I still remember 8-year old Justin. He thought 35 was old. Like really old.
He imagined that by 35 he’d be married with kids, working a high paid job (where he was totally in charge), and living in a penthouse apartment in some fancy city.
While I didn’t quite live up to all his aspirations, the path to 35 has been a beautiful learning experience. Like most, there have been ups and downs, things I’ll never forget, and my fair share of scars (some physical, most emotional).
But above all I’m happy to say I’m thankful. I have meaningful relationships, a career I enjoy, and personal projects that sustain me. Definitely not perfect, but overall, I designed a life that I genuinely appreciate.
So to celebrate my 35th birthday, here are 35 things you should learn about life before you turn 35.
And just to be clear, many of these things I’m still learning.
This is your life and you are empowered to make changes as frequently as you see fit.
It’s okay to say how you’re really feeling. If someone asks “How are you doing?,” take a beat to consider your answer.
Books are the gateway to new worlds. Try to read every single day. You will become a better writer and more likely to impress people with interesting tidbits.
Conflict is healthy. But remember, conflict does not equal having a screaming match. You should be able to confidently say your opinion on things, but also be flexible enough to hear other people.
Time is your most precious gift. Use it wisely.
You have to exercise a few times a week. This has nothing to do with losing weight. Just do it cause it will make you happier and healthier.
You have to eat vegetables every single day.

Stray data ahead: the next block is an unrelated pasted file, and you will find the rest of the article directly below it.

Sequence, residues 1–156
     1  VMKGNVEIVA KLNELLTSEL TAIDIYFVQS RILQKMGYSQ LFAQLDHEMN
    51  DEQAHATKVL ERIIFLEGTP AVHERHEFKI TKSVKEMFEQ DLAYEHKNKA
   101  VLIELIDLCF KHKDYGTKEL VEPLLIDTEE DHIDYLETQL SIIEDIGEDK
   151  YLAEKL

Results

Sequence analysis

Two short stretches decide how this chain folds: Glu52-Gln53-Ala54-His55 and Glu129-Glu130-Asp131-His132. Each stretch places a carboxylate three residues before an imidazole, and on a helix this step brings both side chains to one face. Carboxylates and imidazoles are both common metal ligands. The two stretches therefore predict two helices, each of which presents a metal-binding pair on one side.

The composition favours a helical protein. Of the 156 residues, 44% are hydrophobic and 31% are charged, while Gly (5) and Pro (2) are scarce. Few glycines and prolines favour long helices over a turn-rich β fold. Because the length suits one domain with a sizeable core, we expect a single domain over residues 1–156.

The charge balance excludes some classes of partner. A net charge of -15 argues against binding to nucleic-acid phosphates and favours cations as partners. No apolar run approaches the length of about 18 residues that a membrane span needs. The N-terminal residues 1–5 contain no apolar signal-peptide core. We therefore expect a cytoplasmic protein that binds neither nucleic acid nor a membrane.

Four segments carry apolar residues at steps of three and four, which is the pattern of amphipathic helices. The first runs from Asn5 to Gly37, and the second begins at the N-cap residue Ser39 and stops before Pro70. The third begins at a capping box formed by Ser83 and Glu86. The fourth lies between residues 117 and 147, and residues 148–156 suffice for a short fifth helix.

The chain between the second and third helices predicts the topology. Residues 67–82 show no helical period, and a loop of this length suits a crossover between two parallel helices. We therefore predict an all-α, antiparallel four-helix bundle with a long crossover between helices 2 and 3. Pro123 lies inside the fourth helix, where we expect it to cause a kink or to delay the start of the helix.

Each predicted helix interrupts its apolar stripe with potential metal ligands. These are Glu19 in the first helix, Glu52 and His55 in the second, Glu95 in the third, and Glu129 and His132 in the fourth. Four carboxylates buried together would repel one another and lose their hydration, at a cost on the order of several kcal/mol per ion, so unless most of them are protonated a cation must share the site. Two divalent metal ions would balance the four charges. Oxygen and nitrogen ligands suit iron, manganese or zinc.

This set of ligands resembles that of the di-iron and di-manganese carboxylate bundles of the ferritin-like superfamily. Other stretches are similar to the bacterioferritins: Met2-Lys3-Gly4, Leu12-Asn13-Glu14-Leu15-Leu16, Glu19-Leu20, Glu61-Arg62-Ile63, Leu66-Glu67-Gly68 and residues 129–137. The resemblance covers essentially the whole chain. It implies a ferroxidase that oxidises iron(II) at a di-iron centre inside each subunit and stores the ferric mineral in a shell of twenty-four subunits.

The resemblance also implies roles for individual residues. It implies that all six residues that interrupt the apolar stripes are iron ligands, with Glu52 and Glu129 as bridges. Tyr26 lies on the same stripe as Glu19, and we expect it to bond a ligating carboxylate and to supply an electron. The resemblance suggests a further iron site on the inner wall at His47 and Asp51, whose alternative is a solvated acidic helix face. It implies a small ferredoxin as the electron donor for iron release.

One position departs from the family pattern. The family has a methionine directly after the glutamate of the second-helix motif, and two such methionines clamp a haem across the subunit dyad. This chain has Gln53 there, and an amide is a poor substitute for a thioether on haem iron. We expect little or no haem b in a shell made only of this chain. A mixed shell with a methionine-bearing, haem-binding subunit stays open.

Always be impeccable with your word. If you say you’re going to do something you have to follow through.
If being perfect stops you from completing projects, stop trying to be perfect.
Sometimes you’re going to have to take the risk. There will never be a perfect time or perfect circumstance.
Everything that tastes good is basically bad for you. Try to change your palette to think about the way food makes you feel after you’ve eaten it.
Write in a journal regularly. Try to reread those journals at least once a year to see how far you’ve come.
Being vulnerable is hard, but it’s also a necessity to have good relationships.
Never be afraid to love the other person more. (This is the most liberating thing I’ve learned in the past few months.)
Cultivating real friendships takes consistent work.
You can’t stop working on your friendships because you find a romantic partner.
Building a romantic relationship also takes constant work.
There’s no time limit on how long you grieve a relationship.
Some friends will fade away. And that’s okay.
You have to learn to be okay with being single.
Your 5 closest friends are a direct reflection of who you are or who you will become.
Your family is who you decide it is. It does not have to exclusively be your flesh and blood.
Friends can also be soulmates. Related: you don’t have to have sex with your soulmate.
Success can have so many different meanings. You get to define what success means to you.
Eat the frog every day. Do the one task you’re dreading first so you can get out of the way.
No one will advocate for you if you aren’t willing to advocate for yourself.
You have to have an emergency savings fund… ideally in a high yield account.
No one can actually multitask – they lying.
Work hard enough to get the job done well, but not so hard that it directly affects your health or your relationships.
Always ask for $5,000 more than what they offered.
Hold yourself accountable to doing the best possible work given the given timeframe. Sometimes you can only give 80% and that’s okay.
If you’re sick and you have a job that allows it, stay at home. Don’t bring those germs into the office.
Everyone in leadership is making it up as they go. Even with years of experience, they’re just trying to figure things out too.
If no one will hire you to do the work that you want to do, you have to make it your side hustle. Sometimes that’s the only way you can actually build experience.
And finally, money matters, but it does not make you happy longterm. Your relationships will always be more important than your revenue.